Walcott and panoramic photography

Walcott began experimenting with panoramic photography in 1905. This was cutting edge technology at the time, as the Cirkut Camera had been patented only in 1904 and manufactured by Kodak in 1905. By the time of his last field expedition in 1925, he had created more than 650 photographic panoramas of the Canadian Rockies. His images offer both the scenic grandeur of the Rockies and the documentary evidence of a geologist at work.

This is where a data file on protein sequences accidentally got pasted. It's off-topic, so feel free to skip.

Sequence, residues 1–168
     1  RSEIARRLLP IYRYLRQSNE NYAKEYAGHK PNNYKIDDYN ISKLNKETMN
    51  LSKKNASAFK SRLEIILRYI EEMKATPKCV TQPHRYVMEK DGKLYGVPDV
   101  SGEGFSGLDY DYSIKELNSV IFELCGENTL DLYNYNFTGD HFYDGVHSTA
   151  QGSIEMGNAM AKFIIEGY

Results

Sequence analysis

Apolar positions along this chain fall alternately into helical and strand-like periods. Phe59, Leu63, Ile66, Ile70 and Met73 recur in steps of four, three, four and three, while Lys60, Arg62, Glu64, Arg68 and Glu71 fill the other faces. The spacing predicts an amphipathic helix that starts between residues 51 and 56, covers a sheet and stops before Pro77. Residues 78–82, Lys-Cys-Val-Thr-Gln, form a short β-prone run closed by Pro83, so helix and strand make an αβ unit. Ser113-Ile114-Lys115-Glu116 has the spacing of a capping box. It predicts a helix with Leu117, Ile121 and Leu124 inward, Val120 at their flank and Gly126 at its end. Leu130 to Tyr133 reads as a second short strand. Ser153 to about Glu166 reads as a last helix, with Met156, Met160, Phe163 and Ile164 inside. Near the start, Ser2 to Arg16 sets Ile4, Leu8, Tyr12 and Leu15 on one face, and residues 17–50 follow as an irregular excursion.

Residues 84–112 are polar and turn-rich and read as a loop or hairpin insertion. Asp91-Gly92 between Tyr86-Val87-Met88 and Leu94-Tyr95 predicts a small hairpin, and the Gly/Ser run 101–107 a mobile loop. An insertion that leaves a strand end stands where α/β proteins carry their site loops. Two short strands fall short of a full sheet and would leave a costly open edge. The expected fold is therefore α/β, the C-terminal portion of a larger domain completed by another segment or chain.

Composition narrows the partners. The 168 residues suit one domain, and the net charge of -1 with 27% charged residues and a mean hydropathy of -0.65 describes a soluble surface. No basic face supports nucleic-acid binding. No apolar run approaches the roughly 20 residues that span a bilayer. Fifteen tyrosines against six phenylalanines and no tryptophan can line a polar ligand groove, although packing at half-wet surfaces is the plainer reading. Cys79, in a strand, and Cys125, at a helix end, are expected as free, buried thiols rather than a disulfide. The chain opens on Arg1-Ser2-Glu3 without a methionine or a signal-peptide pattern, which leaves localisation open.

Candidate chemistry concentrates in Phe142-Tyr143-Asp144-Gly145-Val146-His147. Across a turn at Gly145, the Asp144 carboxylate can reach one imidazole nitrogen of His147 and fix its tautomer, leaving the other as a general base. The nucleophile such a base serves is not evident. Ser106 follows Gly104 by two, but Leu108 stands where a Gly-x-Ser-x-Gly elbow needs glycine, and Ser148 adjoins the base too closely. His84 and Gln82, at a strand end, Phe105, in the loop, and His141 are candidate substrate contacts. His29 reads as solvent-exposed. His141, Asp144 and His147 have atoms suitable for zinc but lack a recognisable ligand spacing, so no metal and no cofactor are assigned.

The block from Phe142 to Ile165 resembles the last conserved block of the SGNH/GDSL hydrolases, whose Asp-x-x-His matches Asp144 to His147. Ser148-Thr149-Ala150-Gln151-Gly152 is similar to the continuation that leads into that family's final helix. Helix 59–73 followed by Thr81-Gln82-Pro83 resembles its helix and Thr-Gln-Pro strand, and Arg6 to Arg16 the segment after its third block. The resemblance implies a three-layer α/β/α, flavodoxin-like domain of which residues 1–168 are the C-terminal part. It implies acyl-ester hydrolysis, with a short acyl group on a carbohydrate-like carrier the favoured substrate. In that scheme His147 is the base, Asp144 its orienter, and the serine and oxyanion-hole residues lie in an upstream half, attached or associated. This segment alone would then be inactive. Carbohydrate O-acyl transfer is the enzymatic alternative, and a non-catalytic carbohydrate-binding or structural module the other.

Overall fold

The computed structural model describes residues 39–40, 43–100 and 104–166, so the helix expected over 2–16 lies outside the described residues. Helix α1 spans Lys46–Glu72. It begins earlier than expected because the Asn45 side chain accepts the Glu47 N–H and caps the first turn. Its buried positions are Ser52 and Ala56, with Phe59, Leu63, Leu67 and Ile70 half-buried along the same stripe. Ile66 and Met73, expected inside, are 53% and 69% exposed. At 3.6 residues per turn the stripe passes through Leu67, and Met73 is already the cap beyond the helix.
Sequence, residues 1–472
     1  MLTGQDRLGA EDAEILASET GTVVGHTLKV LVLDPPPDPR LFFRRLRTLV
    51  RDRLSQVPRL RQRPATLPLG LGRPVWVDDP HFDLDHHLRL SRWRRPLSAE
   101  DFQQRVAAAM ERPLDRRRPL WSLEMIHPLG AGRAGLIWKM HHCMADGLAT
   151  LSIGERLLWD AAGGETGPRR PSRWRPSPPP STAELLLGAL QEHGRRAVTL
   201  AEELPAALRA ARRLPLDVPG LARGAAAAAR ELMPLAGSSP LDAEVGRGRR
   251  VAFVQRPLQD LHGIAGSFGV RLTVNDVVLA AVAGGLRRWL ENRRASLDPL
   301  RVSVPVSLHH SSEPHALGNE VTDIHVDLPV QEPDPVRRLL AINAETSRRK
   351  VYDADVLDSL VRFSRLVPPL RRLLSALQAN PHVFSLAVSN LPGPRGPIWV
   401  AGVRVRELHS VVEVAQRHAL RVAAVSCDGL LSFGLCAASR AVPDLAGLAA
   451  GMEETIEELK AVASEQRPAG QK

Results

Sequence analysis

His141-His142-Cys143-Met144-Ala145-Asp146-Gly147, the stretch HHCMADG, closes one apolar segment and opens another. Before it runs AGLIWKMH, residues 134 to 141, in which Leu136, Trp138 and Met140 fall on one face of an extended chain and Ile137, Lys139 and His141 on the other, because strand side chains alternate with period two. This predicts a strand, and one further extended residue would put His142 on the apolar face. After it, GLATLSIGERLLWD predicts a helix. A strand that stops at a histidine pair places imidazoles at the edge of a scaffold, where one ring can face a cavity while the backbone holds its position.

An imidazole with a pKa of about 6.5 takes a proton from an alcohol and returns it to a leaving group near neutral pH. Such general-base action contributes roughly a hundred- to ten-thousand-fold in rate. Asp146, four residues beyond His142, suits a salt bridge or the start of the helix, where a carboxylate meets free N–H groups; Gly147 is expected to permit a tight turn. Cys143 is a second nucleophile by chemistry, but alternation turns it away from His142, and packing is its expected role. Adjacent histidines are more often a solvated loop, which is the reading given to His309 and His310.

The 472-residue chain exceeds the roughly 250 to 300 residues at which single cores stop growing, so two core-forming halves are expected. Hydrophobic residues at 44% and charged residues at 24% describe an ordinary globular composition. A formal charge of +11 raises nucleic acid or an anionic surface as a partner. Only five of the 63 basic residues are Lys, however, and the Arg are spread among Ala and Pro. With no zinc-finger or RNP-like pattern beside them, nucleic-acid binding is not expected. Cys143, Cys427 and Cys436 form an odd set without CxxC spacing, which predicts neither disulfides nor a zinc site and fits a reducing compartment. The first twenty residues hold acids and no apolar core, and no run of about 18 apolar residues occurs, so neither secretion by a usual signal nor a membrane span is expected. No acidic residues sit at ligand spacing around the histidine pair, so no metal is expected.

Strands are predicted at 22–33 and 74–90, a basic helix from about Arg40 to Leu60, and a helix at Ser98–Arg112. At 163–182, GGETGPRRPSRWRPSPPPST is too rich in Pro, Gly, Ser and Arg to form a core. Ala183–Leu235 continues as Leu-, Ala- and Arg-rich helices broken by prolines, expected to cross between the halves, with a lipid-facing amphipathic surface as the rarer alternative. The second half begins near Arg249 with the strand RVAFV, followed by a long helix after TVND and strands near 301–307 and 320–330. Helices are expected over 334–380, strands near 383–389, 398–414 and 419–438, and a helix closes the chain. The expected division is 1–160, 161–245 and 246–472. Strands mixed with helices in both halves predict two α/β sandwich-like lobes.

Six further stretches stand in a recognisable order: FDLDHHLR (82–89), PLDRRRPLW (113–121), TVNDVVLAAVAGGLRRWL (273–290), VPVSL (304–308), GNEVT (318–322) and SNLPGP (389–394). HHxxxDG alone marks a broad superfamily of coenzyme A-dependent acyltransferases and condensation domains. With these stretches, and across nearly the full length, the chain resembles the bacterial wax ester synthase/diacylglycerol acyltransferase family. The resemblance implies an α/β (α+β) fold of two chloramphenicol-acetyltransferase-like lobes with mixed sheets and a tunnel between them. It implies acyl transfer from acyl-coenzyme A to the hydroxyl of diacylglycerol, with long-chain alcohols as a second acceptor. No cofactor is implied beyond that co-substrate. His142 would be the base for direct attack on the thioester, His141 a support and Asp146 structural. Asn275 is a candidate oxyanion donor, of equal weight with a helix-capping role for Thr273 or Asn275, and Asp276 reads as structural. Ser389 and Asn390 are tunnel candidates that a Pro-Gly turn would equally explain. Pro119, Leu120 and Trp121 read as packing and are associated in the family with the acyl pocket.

In an article from the National Geographic magazine (see below), it was said of Walcott’s work in the Rockies:


“NO ONE would be more surprised and delighted with Mr. Walcott’s beautiful panoramic view, which is published as a Supplement to this number, than the American scientist whose discoveries gave a practical value to Daguerre’s invention of photography (…) Mr. Walcott’s panorama is the most marvelous mountain view that has ever been published, and is remarkable not only for its exceeding beauty, but also because of the many lessons in geography learned from studying it.” (National Geographic magazine, June 1911).
 

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